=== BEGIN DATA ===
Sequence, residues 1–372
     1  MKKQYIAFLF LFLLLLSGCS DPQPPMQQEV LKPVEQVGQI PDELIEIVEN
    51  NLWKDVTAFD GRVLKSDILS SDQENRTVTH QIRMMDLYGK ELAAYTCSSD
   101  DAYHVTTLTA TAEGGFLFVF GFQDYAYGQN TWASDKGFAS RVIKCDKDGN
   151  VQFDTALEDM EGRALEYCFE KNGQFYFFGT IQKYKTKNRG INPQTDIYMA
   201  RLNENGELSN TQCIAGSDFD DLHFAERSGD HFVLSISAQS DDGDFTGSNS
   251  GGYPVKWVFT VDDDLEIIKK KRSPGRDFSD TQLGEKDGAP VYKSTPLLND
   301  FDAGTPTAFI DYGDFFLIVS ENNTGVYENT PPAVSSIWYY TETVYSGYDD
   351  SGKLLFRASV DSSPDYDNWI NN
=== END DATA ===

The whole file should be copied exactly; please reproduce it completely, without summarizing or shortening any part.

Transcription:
Sequence, residues 1–372
     1  MKKQYIAFLF LFLLLLSGCS DPQPPMQQEV LKPVEQVGQI PDELIEIVEN
    51  NLWKDVTAFD GRVLKSDILS SDQENRTVTH QIRMMDLYGK ELAAYTCSSD
   101  DAYHVTTLTA TAEGGFLFVF GFQDYAYGQN TWASDKGFAS RVIKCDKDGN
   151  VQFDTALEDM EGRALEYCFE KNGQFYFFGT IQKYKTKNRG INPQTDIYMA
   201  RLNENGELSN TQCIAGSDFD DLHFAERSGD HFVLSISAQS DDGDFTGSNS
   251  GGYPVKWVFT VDDDLEIIKK KRSPGRDFSD TQLGEKDGAP VYKSTPLLND
   301  FDAGTPTAFI DYGDFFLIVS ENNTGVYENT PPAVSSIWYY TETVYSGYDD
   351  SGKLLFRASV DSSPDYDNWI NN